Nothing is impossible when you have the right attitude and determination.
With the right frame of mind, anything is possible, and you can find a rewarding and successful career in virtually any field of your choosing.
This includes nursing!
Can You Become a Nurse with One Eye?
Yes, you can. Even if you have a physical impairment, such as a vision disorder that leaves you with the use of only one eye, you can still successfully treat patients. As long as you can safely provide care to patients, there’s no reason your vision loss should impede your nursing career.
What Causes Vision Loss in One Eye?
If you’ve been in an accident and suffered an eye injury, this can possibly lead to you losing one of your eyes. Other common causes of vision loss in one eye include:
- Retinal occlusion
- Retinal detachment
- Head injuries
- Optic nerve inflammation
- Genetic defects
As a nurse, this means you might have already been born with vision loss, or you might have been working as a nurse and developed it later on.
In either case, vision loss in one eye should not be detrimental to your career. However, it will take some special consideration and maneuvering so you can adequately function as a nurse.
Possible Limitations to Nursing
If you have a vision disorder, it’s important to be realistic about what you can and cannot do, as well as the types of nursing jobs you’ll be able to do.
For instance, when working as a nurse, moving and lifting patients is a big part of the job. If you’re a nurse with a vision impairment, chances are your hospital will not allow you to move patients due to this being a safety issue.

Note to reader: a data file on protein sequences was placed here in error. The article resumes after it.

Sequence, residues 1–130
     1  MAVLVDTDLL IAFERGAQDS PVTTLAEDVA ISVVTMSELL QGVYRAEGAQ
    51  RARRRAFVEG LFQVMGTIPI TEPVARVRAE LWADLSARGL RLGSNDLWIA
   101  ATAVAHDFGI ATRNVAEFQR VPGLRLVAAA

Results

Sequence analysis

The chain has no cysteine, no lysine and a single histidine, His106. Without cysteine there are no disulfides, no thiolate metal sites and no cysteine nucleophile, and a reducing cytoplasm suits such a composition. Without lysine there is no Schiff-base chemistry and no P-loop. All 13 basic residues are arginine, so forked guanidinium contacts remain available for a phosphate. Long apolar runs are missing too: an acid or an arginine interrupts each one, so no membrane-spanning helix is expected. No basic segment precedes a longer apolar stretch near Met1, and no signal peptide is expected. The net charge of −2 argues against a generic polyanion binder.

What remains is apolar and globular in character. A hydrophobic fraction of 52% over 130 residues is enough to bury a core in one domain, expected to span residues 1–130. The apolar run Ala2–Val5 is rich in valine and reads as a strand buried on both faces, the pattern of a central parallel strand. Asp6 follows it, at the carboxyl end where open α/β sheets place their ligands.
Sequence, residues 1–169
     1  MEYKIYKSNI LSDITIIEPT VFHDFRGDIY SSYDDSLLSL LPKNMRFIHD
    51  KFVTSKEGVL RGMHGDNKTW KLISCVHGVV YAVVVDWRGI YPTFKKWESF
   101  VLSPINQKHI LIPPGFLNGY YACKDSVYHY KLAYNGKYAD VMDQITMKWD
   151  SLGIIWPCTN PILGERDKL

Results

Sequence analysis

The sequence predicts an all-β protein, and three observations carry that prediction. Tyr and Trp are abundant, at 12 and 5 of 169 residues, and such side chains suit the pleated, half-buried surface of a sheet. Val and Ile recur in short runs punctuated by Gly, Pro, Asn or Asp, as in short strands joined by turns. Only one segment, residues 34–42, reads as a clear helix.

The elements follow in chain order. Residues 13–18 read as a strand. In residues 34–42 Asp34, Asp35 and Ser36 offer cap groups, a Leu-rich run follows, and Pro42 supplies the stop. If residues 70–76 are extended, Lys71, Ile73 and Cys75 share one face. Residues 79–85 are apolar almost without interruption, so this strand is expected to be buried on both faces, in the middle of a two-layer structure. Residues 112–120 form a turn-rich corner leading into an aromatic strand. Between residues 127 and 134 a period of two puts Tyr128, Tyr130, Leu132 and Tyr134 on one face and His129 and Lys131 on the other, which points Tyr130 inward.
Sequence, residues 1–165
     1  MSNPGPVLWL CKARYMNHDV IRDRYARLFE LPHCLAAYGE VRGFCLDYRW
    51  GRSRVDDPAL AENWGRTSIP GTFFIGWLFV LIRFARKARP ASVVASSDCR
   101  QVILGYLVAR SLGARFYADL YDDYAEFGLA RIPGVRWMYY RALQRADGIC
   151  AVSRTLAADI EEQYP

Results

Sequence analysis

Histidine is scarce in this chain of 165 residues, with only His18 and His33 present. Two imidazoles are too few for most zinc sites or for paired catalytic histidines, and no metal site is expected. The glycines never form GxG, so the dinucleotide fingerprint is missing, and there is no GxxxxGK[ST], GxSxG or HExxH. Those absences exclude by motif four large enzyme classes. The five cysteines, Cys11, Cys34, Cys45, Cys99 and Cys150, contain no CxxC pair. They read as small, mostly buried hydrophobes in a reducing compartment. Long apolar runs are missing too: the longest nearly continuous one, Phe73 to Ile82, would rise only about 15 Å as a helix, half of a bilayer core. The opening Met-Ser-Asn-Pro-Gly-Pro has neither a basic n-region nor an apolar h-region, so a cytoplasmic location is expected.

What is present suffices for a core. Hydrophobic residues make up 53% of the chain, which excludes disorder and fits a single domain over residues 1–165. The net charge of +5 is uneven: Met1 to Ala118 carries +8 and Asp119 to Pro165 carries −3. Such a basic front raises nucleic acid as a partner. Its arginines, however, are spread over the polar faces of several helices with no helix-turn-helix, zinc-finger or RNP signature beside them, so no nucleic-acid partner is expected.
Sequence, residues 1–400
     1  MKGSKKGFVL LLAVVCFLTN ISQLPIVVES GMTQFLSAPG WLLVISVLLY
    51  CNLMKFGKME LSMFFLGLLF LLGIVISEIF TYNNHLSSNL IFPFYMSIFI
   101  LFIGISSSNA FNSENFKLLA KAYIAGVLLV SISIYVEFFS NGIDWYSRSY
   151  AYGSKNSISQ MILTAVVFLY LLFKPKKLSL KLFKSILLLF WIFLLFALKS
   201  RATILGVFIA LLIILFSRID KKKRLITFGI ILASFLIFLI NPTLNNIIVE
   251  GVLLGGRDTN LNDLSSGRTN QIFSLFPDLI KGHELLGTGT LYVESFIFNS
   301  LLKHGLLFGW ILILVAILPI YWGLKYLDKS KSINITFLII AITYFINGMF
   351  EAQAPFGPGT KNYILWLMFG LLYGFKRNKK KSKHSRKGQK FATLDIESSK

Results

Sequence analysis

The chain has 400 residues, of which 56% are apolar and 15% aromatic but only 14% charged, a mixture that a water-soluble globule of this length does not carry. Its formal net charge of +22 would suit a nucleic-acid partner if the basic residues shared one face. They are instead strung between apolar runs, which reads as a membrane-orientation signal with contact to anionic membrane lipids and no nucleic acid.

However, you can still participate in other parts of your job, such as direct patient care and even administering medications.
If you cannot see clearly out of one way, you must find the proper tool to help you see clearly. If you’re able to correct your vision enough to provide care to your patients, there’s no reason you cannot work on the floor of your hospital.
Can I Be Fired for Being Blind in One Eye?
The Americans with Disabilities Act prohibits an employer from firing you due to a medical or mental disability, including impaired vision in one eye.
However, your hospital can change your job duties to protect you and keep its patients safe as well.
Keep this in mind when applying for jobs. Be honest about your ability to see and provide care to patients.
Making the Impossible Possible
If you don’t think it’s possible to work with one eye, consider the story of Dr. David Hartman, who was blind but was able to become a medical provider and help his patients through psychiatry!
You too can find the strength to overcome your visual impairment. Check out our job board or nursing school website for opportunities!
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Frequently Asked Questions
Here are some frequently asked questions related to becoming a nurse when you only have one eye.